Are You a Candy Corn Fan?

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October 13, 20210

A Halloween staple, Candy Corn can be found in almost every retail establishment that carries food or snacks. Like it or hate it, this triangular shaped morsel has been around for more than 120 years.

According to the National Confectioners Association, Candy Corn was invented in the late 1880s by a Wunderlee Candy Company employee named George Renninger. Wunderlee was reportedly the first to produce the candy, followed by the Goelitz Candy Company (now the Jelly Belly Candy Company), which has been producing the candy since 1898.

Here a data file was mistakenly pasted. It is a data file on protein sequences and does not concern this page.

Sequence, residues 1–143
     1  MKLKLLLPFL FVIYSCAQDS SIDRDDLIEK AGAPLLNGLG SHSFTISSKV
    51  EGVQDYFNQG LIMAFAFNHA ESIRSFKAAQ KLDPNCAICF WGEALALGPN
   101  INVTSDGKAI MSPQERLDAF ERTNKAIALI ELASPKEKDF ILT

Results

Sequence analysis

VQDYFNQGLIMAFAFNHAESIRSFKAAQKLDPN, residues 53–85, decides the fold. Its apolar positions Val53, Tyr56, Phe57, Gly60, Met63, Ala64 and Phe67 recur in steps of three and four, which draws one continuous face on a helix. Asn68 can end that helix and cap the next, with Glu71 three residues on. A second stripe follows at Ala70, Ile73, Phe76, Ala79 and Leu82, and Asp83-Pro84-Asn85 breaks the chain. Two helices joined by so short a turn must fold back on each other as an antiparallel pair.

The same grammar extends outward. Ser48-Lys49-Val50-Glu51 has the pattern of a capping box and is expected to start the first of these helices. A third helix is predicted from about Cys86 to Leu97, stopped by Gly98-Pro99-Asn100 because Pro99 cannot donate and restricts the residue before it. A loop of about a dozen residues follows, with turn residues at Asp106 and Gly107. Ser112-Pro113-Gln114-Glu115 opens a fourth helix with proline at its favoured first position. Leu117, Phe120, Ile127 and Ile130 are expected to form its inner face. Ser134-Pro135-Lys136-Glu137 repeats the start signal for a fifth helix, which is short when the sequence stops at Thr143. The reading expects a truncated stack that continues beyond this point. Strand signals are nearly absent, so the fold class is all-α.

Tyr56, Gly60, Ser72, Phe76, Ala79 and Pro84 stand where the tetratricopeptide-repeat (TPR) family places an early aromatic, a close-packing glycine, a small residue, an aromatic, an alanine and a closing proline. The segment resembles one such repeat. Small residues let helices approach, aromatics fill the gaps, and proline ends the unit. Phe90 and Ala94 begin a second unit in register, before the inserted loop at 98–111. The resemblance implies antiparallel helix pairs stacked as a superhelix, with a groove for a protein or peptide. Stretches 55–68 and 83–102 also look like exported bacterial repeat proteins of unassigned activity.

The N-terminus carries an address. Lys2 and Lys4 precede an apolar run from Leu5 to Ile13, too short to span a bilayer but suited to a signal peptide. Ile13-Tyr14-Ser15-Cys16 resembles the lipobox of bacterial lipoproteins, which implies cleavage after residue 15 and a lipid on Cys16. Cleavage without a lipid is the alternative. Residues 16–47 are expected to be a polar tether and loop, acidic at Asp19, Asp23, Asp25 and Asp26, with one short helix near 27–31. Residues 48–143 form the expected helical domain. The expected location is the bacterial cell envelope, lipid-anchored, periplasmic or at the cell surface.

Candy Corn was purposely designed to look like chicken feed and at one time that’s exactly what it was called. That came from an era when candy companies were mixing up slurries of mellow creme and molding the confection into the shape of pumpkins, chestnuts, turnips and other agricultural products. At the time, farmers made up about half of the American labor force and companies marketed agriculture-themed candies to children in farm country all year round, according to history.com.

Making Candy Corn

The basic ingredients of Candy Corn are sugar, corn syrup, and water. Later on, marshmallow and fondant were added and so was carnauba wax. However, since several brands make Candy Corn, their own ingredients are used. Some use corn syrup, others might have a sugar cane base or include different flavors for a taste twist.

The actual making of Candy Corn is a multi-step process. Per the National Confectioners Association, this is how candy corn used to be produced: